Securing Nuclear & Radiological Material


Page 1 of 3

GTRI Moves Ahead

Spencer Abraham, former US Secretary of Energy, reviews the global initiative.

Spencer Abraham

Former US Secretary of Energy Spencer Abraham and Alexander Rumyantsev Minister of Atomic Energy of the Russian Federation, at a press conference during the GTRI meeting. (Austria Center, Vienna, Austria, September 19, 2004).

This past September, key partners of a global initiative to upgrade nuclear security met at an international conference in Vienna. Called "The Global Threat Reduction Initiative (GTRI) International Partners Conference," the meeting launched a US-led initiative to remove and/or secure high-risk nuclear and radiological materials and equipment around the world that posed a threat to the global community. The initiative targets vulnerable nuclear and other radioactive material worldwide, building upon existing and long-standing threat reduction efforts.

The USA, the Russian Federation, and the IAEA are working together on several major programmes that are important components of the GTRI. They include the Russian Research Reactor Fuel Return Programme, the Reduced Enrichment for Research and Test Reactors Programme, and the Tripartite Initiative to secure high-risk radioactive sources.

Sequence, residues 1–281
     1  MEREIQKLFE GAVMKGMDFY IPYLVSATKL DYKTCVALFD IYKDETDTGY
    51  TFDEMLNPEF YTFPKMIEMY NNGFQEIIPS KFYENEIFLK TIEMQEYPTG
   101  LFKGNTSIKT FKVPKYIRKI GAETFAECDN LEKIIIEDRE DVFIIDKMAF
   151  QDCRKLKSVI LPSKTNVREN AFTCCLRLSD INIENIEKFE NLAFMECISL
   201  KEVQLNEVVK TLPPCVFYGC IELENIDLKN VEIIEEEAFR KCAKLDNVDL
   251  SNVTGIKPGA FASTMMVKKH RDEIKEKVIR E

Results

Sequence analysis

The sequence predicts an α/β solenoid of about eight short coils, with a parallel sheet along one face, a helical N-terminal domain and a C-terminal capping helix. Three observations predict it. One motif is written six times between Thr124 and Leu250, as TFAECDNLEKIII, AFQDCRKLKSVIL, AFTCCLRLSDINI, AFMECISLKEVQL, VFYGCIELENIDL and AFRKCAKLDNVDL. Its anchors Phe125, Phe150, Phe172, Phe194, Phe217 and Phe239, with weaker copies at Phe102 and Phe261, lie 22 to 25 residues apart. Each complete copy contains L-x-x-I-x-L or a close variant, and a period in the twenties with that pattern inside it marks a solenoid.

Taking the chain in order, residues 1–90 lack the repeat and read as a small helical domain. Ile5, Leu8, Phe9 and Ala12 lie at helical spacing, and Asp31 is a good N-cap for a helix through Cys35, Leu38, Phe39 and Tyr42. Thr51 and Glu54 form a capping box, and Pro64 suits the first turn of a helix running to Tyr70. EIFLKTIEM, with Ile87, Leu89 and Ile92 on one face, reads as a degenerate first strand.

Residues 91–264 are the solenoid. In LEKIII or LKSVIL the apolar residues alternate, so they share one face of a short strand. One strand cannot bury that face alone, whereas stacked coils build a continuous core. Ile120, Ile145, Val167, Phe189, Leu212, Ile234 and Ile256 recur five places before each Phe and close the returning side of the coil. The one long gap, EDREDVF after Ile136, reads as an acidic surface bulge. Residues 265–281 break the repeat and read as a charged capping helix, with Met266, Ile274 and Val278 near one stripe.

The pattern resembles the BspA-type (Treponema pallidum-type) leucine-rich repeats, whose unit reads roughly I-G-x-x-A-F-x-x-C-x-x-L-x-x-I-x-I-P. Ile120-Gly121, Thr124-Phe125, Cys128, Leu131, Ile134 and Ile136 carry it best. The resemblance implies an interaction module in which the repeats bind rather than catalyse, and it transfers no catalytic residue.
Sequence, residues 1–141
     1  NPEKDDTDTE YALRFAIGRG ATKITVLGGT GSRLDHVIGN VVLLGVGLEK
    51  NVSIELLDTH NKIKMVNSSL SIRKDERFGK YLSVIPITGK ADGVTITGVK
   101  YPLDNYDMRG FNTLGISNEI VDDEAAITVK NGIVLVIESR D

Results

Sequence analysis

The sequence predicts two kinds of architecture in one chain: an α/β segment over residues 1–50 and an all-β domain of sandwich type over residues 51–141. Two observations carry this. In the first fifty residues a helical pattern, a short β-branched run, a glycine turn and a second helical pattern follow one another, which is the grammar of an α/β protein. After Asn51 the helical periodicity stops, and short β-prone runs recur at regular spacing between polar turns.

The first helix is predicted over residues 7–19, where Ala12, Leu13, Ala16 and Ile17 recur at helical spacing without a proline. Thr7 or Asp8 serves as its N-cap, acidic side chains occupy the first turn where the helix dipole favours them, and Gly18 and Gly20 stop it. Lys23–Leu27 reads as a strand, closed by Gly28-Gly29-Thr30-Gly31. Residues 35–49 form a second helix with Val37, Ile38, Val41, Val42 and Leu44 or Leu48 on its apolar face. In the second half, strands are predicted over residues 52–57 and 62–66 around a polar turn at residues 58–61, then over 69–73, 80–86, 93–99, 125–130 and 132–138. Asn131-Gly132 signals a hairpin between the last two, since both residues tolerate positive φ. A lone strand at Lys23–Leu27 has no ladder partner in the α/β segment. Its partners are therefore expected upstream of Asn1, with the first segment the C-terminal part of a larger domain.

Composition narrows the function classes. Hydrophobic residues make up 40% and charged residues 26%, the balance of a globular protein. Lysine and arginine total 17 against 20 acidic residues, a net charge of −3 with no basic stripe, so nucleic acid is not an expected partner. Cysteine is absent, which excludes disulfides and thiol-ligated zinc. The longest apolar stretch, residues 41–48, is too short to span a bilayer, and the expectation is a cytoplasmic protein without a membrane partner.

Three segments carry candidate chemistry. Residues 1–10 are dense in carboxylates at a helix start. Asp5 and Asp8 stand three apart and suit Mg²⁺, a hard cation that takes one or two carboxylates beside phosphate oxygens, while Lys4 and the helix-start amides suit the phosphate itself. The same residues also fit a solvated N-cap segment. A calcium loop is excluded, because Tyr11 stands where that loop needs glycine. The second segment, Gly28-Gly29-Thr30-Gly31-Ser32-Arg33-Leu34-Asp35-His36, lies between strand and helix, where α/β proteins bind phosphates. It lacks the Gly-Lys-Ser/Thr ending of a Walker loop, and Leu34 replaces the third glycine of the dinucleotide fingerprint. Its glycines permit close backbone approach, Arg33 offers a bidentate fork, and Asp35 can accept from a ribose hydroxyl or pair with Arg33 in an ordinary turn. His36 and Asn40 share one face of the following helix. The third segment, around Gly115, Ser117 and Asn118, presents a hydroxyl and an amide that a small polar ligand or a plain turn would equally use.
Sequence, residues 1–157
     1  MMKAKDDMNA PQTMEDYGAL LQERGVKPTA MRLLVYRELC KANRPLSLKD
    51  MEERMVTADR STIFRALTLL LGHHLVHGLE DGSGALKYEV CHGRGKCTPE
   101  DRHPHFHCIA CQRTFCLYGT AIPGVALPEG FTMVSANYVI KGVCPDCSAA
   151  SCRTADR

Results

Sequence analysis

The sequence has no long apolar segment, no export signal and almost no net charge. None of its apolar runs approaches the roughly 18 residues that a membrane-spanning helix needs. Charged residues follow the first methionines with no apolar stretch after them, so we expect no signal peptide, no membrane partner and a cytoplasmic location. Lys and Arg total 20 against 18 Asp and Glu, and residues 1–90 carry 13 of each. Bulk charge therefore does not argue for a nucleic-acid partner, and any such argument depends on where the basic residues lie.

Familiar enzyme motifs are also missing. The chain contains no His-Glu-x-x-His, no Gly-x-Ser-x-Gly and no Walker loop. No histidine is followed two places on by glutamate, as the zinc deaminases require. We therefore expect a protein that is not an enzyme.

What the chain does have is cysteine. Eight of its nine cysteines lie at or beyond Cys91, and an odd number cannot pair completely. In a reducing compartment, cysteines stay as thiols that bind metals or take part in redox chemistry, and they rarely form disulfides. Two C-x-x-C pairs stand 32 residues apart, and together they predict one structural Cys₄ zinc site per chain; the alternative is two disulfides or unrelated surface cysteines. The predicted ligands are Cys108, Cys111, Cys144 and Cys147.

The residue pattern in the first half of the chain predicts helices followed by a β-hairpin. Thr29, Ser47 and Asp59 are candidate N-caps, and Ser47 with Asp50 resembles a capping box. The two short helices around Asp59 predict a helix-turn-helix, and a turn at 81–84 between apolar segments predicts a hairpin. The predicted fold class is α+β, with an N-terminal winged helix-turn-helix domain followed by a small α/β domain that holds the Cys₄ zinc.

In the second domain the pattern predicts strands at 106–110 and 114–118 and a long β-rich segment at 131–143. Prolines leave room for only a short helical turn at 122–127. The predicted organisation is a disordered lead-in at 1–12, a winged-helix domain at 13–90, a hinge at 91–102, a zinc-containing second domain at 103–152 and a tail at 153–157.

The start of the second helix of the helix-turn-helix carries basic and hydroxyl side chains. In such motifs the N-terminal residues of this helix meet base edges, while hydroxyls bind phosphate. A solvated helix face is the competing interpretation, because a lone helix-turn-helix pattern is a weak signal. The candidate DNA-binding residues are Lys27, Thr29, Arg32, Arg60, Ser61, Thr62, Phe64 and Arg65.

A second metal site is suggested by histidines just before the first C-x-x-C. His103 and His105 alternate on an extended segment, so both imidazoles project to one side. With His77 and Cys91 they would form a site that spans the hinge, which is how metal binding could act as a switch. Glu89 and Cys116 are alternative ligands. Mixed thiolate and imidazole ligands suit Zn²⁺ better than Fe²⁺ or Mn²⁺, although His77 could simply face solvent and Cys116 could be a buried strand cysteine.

Nuclear nonproliferation work will become much more important as we move into the 21st century. Our collective role in preventing the spread of dangerous nuclear materials, providing physical security over these materials, verifying the peaceful uses of nuclear energy, advancing science, and monitoring technology transfer - each of these functions will become more central to international security in the days and years ahead.

The United States of America is more firmly committed than ever to these ideals. We have taken significant steps to demonstrate the seriousness of our commitment, actions which have intensified and accelerated vital nonproliferation efforts.

These efforts have been highly successful. They have made the world safer. Every instance in which we have worked to secure and remove dangerous materials has meant less opportunity for terrorists to acquire them. But as successful as such efforts have been, over the last several years it became apparent to us that we could - that we must - do even more.

Given the constantly evolving threat environment . given the resolve of terrorists constantly thinking up new ways to do the unthinkable . given the need to focus not just on rogue nations but on shadowy, stateless networks . it is clear that we must find ways to further improve, further enhance, and further accelerate our non-proliferation work.

Page 1 of 3